Women Scientists Power India’s Chandrayaan 2 Mission 0 247

India set off Chandrayaan 2 from Sriharikota, Andhra Pradesh on July 22, 2019. Hailed as an engineering success with a budget less than that of Avengers: Endgame, the mission will send an orbiter, lander, and rover to explore the moon’s south pole. It is also the follow-up program for Chandrayaan 1 launched in 2008, which assisted in confirming the presence of water/hydroxyl on the moon. As mentioned on the ISRO website, Chandrayaan 2 aims to “…collect scientific information on lunar topography, mineralogy, elemental abundance, lunar exosphere and signatures of hydroxyl and water-ice.”

Apart from being one of the cheapest space missions ever, it is also the first space mission to conduct a soft landing on the moon’s south pole region and the first Indian mission to be exploring the lunar surface with completely home-grown technology. Simultaneously, Chandrayaan 2 is making waves for being one of the most important space missions in recent times to be lead by women scientists. The program comprised of thirty percent female members on the team – a big win for Indian space scene which has been dominated by male scientists for decades.

In fact, Chandrayaan 2 is the first interplanetary mission with a female Project Director and a female Mission Director. M. Vanitha led the Chandrayaan 2 mission as the Project Director and Ritu Karidhal did so as the Mission Director. Vanitha’s role as that of a project director requires a healthy mix of management and coordination skills along with sound technical knowledge. As a project director, she’ll be overseeing the engineering aspects of the project that will propel the mission towards success. Vanitha is the first female scientist to hold the coveted position of a project director for one of ISRO’s most crucial missions till date. She completed her education as a design engineer and was awarded as the Best Woman Scientist by Astronomical Society of India in 2006!

The other star of the mission is Ritu Karidhal who championed the program as the Mission Director of Chandrayaan 2. Prior to this, she also made headlines as the Deputy Operations Director for the Mars Orbiter Mission. Karidhal has been associated with ISRO for almost two decades and has been part of several missions. She had also worked on the Chandrayaan 1 but hasn’t yet been a part of the core team. Karidhal as the Mission Director will be in charge of the mission as a whole. This includes reviewing its progress and coordination with other agencies to ensure Chandrayaan 2’s success. She is also the mission designer, meaning she will be in charge of developing the mission objectives and ensuring its success. Karidhal holds a degree in aerospace engineering from the University of Lucknow. She was awarded the acclaimed ISRO Young Scientist Award in 2007 by former Indian President, APJ Abdul Kalam. Today, the media hails her as the Rocket Woman of India!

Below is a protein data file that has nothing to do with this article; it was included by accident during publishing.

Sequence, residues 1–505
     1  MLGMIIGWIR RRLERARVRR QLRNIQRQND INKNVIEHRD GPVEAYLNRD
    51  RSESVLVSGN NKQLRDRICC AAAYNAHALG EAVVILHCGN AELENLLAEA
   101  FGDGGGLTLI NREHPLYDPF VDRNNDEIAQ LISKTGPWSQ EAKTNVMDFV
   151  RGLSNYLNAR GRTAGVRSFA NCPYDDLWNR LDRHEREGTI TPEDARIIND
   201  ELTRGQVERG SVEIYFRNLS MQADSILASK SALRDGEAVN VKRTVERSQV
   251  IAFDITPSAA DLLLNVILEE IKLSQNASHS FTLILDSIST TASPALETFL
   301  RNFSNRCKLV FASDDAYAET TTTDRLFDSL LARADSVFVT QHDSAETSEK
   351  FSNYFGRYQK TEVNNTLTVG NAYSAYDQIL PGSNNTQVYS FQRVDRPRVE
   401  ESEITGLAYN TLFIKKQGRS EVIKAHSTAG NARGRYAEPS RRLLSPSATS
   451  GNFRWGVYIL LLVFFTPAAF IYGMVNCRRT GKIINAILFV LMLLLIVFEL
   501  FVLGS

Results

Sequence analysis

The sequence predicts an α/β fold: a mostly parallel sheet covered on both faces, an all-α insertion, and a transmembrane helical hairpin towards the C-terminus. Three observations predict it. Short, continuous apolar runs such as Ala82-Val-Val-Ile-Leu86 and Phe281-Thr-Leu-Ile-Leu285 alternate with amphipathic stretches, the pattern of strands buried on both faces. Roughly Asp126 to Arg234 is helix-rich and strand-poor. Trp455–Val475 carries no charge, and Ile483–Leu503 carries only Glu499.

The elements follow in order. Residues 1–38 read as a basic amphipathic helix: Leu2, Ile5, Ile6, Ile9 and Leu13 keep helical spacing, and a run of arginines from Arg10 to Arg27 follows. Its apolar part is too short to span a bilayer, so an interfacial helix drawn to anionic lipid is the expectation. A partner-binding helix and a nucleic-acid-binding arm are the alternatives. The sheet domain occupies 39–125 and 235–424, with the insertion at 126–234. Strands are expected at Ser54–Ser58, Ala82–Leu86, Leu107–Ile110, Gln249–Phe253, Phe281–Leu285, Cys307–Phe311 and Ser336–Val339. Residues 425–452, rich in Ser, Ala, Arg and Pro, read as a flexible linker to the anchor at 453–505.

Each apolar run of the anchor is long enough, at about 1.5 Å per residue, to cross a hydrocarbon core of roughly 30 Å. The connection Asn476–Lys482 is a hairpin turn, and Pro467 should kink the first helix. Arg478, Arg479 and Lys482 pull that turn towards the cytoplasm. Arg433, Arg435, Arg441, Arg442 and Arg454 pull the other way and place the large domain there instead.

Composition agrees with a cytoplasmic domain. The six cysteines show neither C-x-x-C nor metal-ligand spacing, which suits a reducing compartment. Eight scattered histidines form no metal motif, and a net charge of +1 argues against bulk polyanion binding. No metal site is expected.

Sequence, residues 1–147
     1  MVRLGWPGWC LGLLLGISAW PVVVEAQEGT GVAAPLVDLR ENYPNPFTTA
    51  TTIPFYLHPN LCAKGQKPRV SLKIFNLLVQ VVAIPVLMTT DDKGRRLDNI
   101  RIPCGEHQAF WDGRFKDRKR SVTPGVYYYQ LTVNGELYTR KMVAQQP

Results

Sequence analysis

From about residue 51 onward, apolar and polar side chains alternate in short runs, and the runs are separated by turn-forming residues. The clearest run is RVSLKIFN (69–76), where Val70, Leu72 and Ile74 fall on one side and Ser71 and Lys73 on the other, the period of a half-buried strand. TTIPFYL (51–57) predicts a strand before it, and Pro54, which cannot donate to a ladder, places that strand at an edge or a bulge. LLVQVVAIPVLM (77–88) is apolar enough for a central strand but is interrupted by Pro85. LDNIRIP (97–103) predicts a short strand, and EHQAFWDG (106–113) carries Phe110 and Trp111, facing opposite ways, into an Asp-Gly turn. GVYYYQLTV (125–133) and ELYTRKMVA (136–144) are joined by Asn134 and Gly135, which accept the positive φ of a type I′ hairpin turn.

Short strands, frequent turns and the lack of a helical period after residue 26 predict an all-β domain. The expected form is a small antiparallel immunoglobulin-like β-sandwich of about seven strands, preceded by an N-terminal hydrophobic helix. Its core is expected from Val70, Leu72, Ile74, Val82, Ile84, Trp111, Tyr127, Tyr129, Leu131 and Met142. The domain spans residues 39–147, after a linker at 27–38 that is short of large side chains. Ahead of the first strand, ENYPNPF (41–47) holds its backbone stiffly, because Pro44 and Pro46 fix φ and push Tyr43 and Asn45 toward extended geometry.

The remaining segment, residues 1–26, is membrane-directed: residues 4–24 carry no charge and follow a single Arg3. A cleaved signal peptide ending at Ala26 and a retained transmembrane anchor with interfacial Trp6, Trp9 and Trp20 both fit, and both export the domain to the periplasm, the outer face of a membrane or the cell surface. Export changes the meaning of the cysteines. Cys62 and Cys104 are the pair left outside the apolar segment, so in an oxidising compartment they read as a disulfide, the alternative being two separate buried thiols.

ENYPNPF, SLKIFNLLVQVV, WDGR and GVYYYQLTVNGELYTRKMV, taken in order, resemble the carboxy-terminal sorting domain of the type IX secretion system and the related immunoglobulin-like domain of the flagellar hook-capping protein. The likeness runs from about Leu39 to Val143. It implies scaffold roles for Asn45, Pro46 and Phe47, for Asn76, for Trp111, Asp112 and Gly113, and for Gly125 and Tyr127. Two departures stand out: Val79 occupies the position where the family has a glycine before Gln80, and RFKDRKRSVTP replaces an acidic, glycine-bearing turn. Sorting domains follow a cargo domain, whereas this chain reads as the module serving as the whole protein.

ISRO has been fairly inclusive of women in their programs but has failed to give substantial media coverage to despite women scientists having an integral role to play for ISRO’s successes. ISRO’s chairman Dr. K. Sivan following the successful launch of Chandrayaan 2 claimed that, “we only looked at the most fit person for the job, and it so happened it was women here. It didn’t make a difference for us.”

Chandrayaan 2 is a major milestone in India’s space research journey and the fact that the mission is being lead by two women may turn out to be game-changer for India’s social landscape too. We hope that the much talked about mission encourages the nation to prioritize education and higher studies of her daughters. We also hope to see Indian institutions making way for more women in science and research and a new vigor in Indian media to bring to light the female heroes of STEM who often go neglected.

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"I took a deep breath and listened to the old brag of my heart. I am, I am, I am." A staunch feminist at heart, my passion lies in literature, women's issues, fashion, travel and my cats! Let's truly change the world, one kind word at a time.

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